What is IP and why is it important?

Posted November 18, 2018 10:17:29A lot of people think of copyright as a relic of a bygone era when everyone was using computers and email.

But in the digital age, copyright is more than a relic: it’s an essential part of how we make and share information.

When you buy a book or TV show, you own the rights to its story, the characters, and the storyteller.

In exchange, you have the right to distribute that information, in print or online, across the globe.

Copyright law is the law that governs this relationship.

It’s also the law you should always pay attention to, because it governs how and when you can make use of copyright.

The basics of copyrightThe basic idea of copyright is that you have rights to create something by making a specific copy of something.

The basic concept is that copyright gives you the right — not the obligation — to reproduce the work you’ve created, or to distribute it widely.

So how do you use copyright?

If you have something that is in the public domain and you want to sell it, you first have to get permission from the copyright owner, which is usually the copyright holder.

The owner of the copyright may then grant you a license that lets you reproduce the copyright work for free.

This is a good way to get some idea of the terms of copyright, and also to see if there are any restrictions on what you can do with the copyrighted work.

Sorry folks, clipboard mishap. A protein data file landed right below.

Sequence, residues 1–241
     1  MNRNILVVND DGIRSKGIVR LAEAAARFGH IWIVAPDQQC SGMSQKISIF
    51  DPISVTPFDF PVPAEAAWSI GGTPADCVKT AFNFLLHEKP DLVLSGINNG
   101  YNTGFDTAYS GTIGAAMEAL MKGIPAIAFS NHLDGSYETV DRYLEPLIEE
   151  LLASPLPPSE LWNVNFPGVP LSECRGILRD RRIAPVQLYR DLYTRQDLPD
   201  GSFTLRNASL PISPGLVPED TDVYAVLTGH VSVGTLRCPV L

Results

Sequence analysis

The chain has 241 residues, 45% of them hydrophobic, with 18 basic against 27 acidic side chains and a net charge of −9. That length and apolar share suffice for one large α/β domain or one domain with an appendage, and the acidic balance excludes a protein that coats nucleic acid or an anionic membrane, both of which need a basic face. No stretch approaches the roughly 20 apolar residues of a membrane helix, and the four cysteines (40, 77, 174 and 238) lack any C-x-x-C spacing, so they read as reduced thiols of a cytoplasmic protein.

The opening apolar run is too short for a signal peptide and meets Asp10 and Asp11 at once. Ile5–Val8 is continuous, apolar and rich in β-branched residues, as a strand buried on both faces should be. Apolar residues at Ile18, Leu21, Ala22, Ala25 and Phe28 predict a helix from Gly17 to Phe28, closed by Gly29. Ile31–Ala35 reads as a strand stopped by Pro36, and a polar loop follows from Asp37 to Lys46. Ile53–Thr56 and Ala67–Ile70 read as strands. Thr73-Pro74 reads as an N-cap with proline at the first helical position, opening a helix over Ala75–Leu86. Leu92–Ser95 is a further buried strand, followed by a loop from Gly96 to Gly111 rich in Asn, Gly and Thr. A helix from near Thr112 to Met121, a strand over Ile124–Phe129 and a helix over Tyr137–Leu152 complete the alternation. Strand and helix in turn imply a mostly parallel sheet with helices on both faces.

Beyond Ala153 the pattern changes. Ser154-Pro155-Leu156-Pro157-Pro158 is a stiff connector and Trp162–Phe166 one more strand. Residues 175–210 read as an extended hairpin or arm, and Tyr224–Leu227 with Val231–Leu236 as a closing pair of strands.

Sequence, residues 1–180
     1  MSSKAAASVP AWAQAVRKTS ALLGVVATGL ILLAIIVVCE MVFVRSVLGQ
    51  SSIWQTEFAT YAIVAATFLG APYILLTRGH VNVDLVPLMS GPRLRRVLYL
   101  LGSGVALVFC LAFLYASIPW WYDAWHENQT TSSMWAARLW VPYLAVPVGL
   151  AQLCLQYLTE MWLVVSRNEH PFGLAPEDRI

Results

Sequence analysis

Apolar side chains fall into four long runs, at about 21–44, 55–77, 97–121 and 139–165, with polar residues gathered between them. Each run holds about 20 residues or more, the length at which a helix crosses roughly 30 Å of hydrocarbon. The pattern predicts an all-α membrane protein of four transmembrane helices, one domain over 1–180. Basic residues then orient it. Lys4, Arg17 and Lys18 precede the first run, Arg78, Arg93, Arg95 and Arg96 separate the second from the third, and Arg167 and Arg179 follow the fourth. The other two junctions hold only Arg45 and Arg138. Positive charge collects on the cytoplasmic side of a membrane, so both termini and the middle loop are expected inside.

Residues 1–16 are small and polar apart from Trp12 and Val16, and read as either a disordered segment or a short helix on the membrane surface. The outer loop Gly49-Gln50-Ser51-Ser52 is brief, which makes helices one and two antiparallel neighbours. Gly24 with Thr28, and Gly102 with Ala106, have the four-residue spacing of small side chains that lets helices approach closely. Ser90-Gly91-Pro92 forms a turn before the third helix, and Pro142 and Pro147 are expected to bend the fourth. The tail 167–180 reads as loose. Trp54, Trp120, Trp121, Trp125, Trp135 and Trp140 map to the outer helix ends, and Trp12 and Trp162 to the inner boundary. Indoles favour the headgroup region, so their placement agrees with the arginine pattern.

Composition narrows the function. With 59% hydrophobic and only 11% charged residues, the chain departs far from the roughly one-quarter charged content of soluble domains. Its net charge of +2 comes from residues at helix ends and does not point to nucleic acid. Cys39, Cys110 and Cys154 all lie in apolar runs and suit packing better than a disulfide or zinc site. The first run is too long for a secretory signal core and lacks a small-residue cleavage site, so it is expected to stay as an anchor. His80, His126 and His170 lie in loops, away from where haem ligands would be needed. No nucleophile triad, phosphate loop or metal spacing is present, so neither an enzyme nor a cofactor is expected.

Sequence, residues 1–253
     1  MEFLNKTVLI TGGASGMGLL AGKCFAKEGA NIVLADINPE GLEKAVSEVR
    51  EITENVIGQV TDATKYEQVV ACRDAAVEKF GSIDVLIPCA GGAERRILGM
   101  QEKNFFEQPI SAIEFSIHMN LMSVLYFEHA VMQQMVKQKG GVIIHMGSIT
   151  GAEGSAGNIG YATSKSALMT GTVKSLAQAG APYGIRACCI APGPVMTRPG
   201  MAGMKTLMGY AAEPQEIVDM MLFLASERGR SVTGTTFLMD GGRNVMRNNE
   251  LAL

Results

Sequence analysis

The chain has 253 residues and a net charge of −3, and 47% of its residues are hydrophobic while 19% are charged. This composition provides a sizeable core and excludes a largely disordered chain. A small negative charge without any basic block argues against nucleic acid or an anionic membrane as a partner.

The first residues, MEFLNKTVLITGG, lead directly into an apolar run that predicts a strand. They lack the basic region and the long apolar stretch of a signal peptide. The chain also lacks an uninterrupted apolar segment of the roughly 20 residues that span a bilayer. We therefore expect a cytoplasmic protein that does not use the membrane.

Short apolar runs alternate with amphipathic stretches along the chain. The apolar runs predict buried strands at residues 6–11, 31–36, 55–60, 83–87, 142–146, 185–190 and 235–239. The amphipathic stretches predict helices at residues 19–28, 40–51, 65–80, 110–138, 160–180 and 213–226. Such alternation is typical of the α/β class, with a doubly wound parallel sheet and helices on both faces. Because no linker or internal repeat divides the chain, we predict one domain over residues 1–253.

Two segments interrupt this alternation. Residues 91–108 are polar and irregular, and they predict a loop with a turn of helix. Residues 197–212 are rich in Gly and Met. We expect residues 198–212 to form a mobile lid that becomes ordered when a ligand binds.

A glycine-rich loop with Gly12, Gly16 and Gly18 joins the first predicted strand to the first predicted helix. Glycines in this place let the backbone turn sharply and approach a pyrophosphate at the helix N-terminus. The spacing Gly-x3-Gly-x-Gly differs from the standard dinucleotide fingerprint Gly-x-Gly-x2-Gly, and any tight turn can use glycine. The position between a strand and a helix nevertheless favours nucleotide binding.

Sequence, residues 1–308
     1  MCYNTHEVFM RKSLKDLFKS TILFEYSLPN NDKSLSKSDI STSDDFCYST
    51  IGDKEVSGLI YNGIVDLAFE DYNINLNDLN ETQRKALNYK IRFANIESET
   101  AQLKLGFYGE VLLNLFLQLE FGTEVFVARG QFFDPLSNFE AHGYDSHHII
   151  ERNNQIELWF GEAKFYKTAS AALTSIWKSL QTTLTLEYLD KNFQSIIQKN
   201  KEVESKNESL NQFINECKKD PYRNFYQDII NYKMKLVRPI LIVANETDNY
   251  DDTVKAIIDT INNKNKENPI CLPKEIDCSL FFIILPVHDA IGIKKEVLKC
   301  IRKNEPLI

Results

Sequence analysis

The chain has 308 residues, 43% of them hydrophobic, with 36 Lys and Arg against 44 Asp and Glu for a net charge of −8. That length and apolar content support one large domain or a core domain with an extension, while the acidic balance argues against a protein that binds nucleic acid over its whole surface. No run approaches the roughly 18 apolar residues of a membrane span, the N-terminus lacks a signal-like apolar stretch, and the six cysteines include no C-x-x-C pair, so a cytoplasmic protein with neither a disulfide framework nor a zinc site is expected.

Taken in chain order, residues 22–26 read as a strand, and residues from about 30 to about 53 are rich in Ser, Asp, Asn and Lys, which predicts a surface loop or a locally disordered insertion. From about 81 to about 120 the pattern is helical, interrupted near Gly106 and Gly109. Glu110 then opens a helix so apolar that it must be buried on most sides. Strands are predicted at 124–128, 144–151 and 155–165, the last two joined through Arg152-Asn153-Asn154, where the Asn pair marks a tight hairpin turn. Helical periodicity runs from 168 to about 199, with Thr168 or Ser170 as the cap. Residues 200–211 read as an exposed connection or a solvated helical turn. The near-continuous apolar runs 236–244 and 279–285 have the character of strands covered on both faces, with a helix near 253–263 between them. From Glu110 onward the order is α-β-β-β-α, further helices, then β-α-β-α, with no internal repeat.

But there’s more to copyright law than simply giving you rights to reproduce.

When you buy books, movies, or TV shows, you also own the copyrights to the copyright owners’ descriptions of the works.

In these cases, the copies of the books, the movies, and TV shows are called works of authorship, and copyright law protects them.

In some cases, copyright owners may also own copyright to the words that describe or describe the works, which are called descriptive marks.

When a copyright owner gives you a copyright, you can use that copyright to create derivative works of the copyrighted works.

These are called derivative works because they’re meant to be used in new ways, without copying or modifying the original.

For example, if you were to make a book with a story, and you wanted to make it a movie, you could do that by copying and pasting the movie’s dialogue and the book’s illustrations into your novel.

But you couldn’t just copy and paste the storyboard, the character designs, and all the rest of the details that make up the book.

Instead, you’d need to do a complete reworking of the book, including a complete rewriting of all the characters.

That’s called a rework.

If you want your book to become a movie or TV series, you need to rework the story and the characters from scratch.

And that’s just one example of how copyright law works.

Sometimes copyright owners give you other rights, too.

You have the same rights to make copies of their books, films, and other copyrighted works, and to distribute them as well.

For more information on copyright law, including the details on when and how you can share and distribute copyrighted works online, check out our copyright law glossary.